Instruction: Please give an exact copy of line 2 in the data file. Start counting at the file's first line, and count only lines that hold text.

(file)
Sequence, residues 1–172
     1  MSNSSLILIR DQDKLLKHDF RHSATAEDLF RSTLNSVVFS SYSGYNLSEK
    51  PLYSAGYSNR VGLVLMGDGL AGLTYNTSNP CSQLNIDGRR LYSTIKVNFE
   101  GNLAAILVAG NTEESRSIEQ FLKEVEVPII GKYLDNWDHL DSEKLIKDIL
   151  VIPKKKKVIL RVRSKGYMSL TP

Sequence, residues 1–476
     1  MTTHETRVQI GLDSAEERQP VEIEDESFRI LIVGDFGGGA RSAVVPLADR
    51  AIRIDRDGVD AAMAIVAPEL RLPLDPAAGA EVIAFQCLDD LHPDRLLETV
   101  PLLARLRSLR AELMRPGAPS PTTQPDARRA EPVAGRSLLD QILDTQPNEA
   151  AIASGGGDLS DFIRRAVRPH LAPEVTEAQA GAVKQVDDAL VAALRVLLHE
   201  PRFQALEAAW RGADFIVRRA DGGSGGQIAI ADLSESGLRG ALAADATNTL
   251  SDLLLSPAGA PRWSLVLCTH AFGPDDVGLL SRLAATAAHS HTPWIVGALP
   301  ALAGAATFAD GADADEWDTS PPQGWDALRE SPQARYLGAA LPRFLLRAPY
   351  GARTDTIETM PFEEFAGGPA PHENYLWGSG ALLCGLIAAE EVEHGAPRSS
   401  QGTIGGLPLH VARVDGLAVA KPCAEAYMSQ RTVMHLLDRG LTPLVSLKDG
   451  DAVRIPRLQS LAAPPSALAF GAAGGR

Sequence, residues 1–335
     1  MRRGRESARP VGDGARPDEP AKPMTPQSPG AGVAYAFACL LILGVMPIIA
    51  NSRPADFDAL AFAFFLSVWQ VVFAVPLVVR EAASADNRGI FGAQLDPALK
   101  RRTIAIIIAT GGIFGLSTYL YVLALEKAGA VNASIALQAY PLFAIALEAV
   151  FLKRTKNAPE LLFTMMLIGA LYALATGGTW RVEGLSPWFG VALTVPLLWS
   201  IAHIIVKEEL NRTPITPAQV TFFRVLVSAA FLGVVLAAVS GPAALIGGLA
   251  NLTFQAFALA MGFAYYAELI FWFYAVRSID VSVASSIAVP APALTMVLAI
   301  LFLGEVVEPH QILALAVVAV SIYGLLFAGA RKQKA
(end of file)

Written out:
     1  MSNSSLILIR DQDKLLKHDF RHSATAEDLF RSTLNSVVFS SYSGYNLSEK